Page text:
What should the readings be at to keep a healthy fish tank.
If its freshwater should be zero nitrate,nitrite,and amonia. hardness should b round 80ppm, kh shld b 120-180ppm, and ph between 7 n 8. Also will depend on fish what do u have?
In my 55 gallon , i have 4 cory jullis , 4 koi angelfish , 4 veil angelfish , 1 peacock eel , few ghost shrimps , 1 pleco , few neon fish , 1 ghostknife , 1 elephant nose , and 2 african bush fish (leaf fish) also have 2 more tanks with various fish . any other input on fishtank would be greatly appreciated , so far they are all happy or look happy , no chasing around
How are ur amonia levels u have quite a few in tank
I have the 6 in 1 test strips and dont see amonia on there , probably need to get a different test
I would def.get the they have one at walmart for rnd ten bucks made ny jungle its cheapsst place ive found.for those n plus they jave the 5 n 1 for ur ph n stuff
nitrate is 0
nitrite is 0
hardness is 150
chlorine is 0
alkalinity is 80
ph is 7.2 - 7.8
dont know if either 1 of these represent ammonia
U need to buy a seperate test kit for amonia
it all depends on the fish. ammonia, nitrite, and nitrate should remain at 0 for all fish, but hardness, softness, and ph depends on the fish and plants.
thanx , bought a ammonia test and if im right with the color of the tested water its .25 not unless thats as yellow its goin to get then its 0 , but nitrite and nitrate are 0, @ luvn bubbles , nice fish on your profile pic , is that a betta
yeah. he died 3 days ago from ammonia poisoning. he was a spirited little guy though.
A fully cycled tank will have zero ammonia, zero nitrites (with an "i", and nitrates (with an "a" should be present, but less than 40 parts per million.
Test strips are not very accurate, and are actually very expensive per test. Most on here recommend the API Liquid Master Test Kit. It seems expensive upfront, but considering that you get 100's of tests, they really cost pennies per test.
All fish have "ideal" pH suggestions. However, many fish will do just fine in a different pH if they are properly acclimated. Attempting to alter the pH typically causes fish death because these alterations are temporary, and even slight shifts in pH can be lethal.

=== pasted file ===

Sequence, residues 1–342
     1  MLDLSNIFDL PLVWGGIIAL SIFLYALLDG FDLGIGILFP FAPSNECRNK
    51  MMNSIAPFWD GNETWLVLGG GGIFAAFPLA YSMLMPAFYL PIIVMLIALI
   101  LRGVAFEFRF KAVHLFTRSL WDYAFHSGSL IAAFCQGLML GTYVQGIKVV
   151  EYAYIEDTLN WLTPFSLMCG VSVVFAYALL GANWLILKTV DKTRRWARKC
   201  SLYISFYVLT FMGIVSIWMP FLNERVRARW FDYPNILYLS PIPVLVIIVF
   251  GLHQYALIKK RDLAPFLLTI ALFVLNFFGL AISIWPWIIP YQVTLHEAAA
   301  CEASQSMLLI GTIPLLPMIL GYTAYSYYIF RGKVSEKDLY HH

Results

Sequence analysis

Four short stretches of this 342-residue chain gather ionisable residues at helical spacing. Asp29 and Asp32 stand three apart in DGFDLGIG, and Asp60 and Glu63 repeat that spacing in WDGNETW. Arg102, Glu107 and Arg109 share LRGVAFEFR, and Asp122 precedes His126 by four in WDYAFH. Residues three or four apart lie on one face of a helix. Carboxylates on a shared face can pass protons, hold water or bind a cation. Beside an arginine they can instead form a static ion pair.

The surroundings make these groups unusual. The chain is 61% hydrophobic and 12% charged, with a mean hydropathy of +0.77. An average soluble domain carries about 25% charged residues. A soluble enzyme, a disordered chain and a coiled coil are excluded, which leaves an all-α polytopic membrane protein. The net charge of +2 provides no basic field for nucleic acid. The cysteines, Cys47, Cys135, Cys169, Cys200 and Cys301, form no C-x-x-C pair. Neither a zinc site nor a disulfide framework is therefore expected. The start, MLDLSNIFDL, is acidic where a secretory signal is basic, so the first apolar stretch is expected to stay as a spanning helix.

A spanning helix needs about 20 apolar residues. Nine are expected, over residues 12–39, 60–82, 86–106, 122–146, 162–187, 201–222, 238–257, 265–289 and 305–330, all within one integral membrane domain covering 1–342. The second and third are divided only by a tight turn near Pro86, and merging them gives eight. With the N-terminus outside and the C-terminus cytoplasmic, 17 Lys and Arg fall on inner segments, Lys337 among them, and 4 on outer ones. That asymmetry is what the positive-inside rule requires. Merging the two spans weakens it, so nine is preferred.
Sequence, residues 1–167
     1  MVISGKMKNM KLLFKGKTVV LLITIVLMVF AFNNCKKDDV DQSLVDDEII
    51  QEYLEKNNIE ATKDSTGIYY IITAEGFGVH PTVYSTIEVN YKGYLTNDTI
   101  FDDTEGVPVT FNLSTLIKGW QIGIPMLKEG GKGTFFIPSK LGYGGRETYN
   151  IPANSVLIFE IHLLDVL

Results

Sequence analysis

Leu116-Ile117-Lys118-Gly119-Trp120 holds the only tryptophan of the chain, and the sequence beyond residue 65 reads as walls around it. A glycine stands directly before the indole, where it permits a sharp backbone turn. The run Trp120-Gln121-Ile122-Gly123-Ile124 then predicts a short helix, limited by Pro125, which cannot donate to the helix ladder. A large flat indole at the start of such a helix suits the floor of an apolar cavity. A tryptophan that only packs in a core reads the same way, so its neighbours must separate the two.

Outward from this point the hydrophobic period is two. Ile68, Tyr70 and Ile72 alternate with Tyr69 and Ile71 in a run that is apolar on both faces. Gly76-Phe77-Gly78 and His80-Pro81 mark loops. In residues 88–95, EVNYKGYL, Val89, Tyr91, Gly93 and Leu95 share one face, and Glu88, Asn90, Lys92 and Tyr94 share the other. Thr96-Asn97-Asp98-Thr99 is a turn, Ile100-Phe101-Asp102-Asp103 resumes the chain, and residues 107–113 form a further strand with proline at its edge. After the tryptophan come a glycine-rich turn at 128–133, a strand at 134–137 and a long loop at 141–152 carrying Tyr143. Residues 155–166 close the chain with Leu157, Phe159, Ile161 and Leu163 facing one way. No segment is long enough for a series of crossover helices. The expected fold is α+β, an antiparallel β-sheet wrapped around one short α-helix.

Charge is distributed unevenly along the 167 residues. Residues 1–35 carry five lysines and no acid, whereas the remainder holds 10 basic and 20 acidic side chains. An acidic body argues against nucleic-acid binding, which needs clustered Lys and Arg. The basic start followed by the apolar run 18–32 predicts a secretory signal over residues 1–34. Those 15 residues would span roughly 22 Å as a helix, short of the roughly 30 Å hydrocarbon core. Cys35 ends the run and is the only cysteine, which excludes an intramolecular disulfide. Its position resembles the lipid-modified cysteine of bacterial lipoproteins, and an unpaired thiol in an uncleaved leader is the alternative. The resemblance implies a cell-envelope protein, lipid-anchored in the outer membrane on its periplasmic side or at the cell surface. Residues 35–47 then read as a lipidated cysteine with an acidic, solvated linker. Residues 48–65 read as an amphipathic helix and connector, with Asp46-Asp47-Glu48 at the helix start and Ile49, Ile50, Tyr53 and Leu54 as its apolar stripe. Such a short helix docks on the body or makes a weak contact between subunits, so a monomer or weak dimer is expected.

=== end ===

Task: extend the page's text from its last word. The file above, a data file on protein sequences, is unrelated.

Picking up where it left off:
The best suggestion is to thoroughly research the individual needs of any fish that you are planning on keeping.
how long does it take to fully cycle , ive had my tank for quite some time , 55gal _ 5months , 30gal - 1 yr , 20gal - 9months , and 10gal - 2months but when i started the other tanks i would use water from my oldest tank , even with a lil bit of the waste at the bottom , do you think that was a good idea but even so i do my weekly , bi-weekly water changes (20%) and havnt really lost too many fish with the exception of shrimps n neons which i think my other fish are eating
The length of time has several factors, but tank size is the main one. Larger tanks take more time to cycle. Having fish in the tank makes it last even longer. Fishless cycling is the fastest and safest. This is very unscientific, but I would plan a month for every 10 gallons. It doesn't really take that long, but that may help avoid the urge to quickly place fish in an uncycled tank.
As long as there was no lingering disease, moving water wouldn't hurt anything, but it wouldn't help anything either. Most of the beneficial bacteria live in the substrate and filter media. Some people will move "seed gravel" from a cycled tank to a new one. This might take a day or two off of the total cycling time.
The best way to determine if a tank is cycled is to track your water tests.
1. Ammonia will be zero and then skyrocket.
2. A bacteria begins changing ammonia to nitrites. Ammonia will decrease as nitrites increase.
3. A second bacteria grows changing nitrites into nitrates. Nitrites will decrease as nitrates increase.
A tank is cycled when ammonia & nitrites consistently test as 0, and nitrates are present but are less than 40 ppm.
Here is more info: